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The lack of supervision and monitoring of clinician implementation of evidence-based treatments in clinical practice suggests that CBT and other EBPs, in practice, may bear little resemblance to the more closely monitored versions of those treatments as implemented in randomized clinical trials demonstrating their efficacy (Martino et al., 2016). As such, the cognitive behavioral therapist needs to consider how abstinence is to be rewarded as part of treatment. In addition to consideration of traditional CM rewards—monetary prizes, vouchers for goods, or treatment “privileges” (e.g., take-home doses of methadone)—the cognitive behavioral interventions for substance abuse arrangement of social contingencies, such as is evident in BCT approaches, should be considered. The question to be addressed in treatment is how contingencies can be arranged to encourage initial experiences of abstinence and entry into non-drug activities. When this goal is achieved, treatment becomes concerned with identification of more naturally-occurring rewards for abstinence (e.g., greater employment, relationship, and social success). As such, problem solving strategies and programming and rehearsal of steps to broader goal attainment may need to be provided, depending on the skills available to the patient.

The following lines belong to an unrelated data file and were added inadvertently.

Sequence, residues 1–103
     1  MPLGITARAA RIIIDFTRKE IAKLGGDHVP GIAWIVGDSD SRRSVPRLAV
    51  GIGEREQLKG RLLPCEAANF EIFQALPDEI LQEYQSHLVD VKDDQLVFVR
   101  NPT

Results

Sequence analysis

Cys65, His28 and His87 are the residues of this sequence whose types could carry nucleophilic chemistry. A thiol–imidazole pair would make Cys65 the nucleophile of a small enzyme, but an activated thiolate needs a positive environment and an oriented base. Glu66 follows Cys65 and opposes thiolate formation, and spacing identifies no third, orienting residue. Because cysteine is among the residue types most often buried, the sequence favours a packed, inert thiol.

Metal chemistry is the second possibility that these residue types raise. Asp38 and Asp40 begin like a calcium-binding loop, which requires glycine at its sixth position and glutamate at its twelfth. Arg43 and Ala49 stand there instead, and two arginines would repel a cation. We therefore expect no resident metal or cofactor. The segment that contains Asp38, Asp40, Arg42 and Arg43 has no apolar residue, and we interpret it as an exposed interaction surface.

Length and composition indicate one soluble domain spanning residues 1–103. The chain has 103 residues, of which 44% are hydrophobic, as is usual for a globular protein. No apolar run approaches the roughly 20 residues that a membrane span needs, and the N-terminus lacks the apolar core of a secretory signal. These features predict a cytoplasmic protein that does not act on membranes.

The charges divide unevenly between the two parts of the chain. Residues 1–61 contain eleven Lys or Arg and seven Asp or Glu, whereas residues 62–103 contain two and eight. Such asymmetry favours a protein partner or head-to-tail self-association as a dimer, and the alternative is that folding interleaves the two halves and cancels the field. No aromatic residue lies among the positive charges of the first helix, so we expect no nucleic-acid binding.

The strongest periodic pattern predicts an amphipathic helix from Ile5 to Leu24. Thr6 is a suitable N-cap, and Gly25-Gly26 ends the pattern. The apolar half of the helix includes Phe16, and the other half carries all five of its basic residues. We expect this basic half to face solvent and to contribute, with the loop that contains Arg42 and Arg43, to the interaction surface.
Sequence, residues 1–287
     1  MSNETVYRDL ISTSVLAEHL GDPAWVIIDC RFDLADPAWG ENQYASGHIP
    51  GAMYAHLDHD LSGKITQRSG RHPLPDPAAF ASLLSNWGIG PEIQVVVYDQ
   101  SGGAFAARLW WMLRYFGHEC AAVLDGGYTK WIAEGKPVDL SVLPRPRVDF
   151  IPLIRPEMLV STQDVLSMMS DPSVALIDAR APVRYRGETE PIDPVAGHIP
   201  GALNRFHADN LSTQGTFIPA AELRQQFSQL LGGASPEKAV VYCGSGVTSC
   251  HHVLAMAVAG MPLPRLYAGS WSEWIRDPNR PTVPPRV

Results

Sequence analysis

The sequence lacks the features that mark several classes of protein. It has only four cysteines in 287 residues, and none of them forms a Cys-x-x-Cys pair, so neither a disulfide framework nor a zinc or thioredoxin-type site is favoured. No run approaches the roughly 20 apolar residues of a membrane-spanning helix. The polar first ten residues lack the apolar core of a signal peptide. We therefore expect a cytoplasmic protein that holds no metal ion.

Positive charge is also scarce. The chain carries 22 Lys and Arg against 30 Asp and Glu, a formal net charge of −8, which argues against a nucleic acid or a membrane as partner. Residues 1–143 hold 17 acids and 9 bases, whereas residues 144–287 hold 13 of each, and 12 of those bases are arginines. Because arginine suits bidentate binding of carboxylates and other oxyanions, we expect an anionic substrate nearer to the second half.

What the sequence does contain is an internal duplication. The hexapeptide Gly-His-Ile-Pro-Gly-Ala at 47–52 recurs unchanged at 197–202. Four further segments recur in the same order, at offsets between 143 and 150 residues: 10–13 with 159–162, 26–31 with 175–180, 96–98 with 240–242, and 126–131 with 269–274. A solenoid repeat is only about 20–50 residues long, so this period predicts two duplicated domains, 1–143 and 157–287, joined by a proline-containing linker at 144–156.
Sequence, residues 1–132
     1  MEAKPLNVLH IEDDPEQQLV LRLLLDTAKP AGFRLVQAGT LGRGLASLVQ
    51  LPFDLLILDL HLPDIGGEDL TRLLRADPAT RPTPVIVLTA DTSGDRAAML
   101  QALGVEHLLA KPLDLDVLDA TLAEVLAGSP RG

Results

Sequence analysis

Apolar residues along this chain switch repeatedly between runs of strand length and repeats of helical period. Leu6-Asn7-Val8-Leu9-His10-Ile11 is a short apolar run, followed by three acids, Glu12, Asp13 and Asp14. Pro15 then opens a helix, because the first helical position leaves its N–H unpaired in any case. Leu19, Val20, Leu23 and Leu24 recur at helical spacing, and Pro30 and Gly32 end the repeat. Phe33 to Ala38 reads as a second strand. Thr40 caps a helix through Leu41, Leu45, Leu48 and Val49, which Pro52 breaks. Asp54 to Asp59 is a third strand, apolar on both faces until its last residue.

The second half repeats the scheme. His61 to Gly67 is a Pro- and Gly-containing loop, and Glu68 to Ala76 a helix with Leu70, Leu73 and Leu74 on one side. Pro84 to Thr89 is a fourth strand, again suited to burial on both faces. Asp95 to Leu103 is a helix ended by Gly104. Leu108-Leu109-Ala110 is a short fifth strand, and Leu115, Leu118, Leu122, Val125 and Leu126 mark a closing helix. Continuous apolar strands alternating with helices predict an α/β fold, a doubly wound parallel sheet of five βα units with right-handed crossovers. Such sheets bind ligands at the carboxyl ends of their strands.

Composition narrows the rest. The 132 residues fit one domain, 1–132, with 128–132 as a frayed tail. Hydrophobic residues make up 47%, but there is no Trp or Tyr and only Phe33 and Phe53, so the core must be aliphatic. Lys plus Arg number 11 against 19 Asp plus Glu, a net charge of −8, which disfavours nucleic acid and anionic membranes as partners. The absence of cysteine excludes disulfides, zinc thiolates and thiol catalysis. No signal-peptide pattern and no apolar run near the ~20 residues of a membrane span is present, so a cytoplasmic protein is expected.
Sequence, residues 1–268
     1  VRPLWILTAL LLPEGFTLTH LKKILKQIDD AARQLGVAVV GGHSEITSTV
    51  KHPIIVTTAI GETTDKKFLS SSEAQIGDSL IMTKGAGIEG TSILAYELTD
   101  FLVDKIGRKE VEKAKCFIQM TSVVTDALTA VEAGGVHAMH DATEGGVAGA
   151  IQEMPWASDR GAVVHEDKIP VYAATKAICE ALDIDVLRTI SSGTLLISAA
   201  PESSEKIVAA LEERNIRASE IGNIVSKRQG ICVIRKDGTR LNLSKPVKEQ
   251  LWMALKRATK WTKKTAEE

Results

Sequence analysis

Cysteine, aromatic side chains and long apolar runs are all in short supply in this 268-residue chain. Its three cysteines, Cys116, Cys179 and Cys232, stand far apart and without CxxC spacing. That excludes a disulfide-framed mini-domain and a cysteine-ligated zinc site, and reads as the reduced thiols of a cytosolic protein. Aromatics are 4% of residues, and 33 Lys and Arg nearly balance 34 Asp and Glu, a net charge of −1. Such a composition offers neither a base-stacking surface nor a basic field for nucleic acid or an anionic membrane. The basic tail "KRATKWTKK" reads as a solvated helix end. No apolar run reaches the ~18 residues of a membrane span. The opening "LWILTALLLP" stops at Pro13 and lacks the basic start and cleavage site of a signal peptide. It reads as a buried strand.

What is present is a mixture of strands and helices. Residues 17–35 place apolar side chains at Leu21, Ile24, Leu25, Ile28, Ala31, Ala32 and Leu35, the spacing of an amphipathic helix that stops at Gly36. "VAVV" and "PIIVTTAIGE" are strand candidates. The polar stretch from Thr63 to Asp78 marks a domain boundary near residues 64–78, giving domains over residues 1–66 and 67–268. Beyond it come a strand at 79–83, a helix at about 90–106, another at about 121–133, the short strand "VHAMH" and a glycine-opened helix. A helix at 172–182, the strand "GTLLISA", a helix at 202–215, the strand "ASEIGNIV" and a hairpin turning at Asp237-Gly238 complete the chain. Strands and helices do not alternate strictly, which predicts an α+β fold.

The evaluation of CBT for SUDs in special populations such as those diagnosed with other Axis I disorders (i.e., dual diagnosis), pregnant women, and incarcerated individuals is beyond the scope of the current review, and thus the descriptions provided below focus on SUD treatment specifically. The COMBINE study[51] was designed to evaluate the efficacy or pharmacotherapy, behavioral therapy and their combinations for treatment of alcohol dependence and to evaluate placebo effect on the overall outcome. This large RCT involved 1383 patients with the diagnosis of alcohol dependence, recently abstinent from alcohol. No combination was more effective than naltrexone or combined behavioral intervention (CBI) in the presence of medical management.

What Is Cognitive Behavioral Therapy?

The therapist and patient collaboratively review the advantages/disadvantages of engaging in substance use or addictive behaviour. A relative limitation of CM is the availability of funds for providing the reinforcers in clinical settings. The establishment of job-based reinforcements have been introduced as alternatives to aid the clinical adoption of these methods.[21, 22]Also, contingency management strategies have also been incorporated into couple’s interactions (utilizing the reinforcers available to the couple) to aid the reduction of drug use (see below). The standardized mean difference was used to measure efficacy outcomes in this meta-analysis.1 Hedges’ g includes a correction, f, for a slight upward bias in the estimated population effect (Hedges, 1994). This study was a non-randomized trial with pretest/posttest evaluation on patients divided into an intervention and a control group. The following case study involves a young male cocaine user who has sought